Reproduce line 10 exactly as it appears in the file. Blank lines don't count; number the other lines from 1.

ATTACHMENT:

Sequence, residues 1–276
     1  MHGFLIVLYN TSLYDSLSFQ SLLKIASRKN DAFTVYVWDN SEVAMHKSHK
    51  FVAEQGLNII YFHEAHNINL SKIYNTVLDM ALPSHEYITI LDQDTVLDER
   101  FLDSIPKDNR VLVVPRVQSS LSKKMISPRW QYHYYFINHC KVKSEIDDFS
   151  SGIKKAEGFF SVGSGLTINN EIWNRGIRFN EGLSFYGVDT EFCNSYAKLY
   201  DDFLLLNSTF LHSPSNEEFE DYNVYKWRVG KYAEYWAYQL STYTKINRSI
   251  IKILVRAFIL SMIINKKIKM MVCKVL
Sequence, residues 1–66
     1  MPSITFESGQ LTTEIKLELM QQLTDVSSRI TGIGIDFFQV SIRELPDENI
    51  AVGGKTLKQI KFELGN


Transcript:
    51  AVGGKTLKQI KFELGN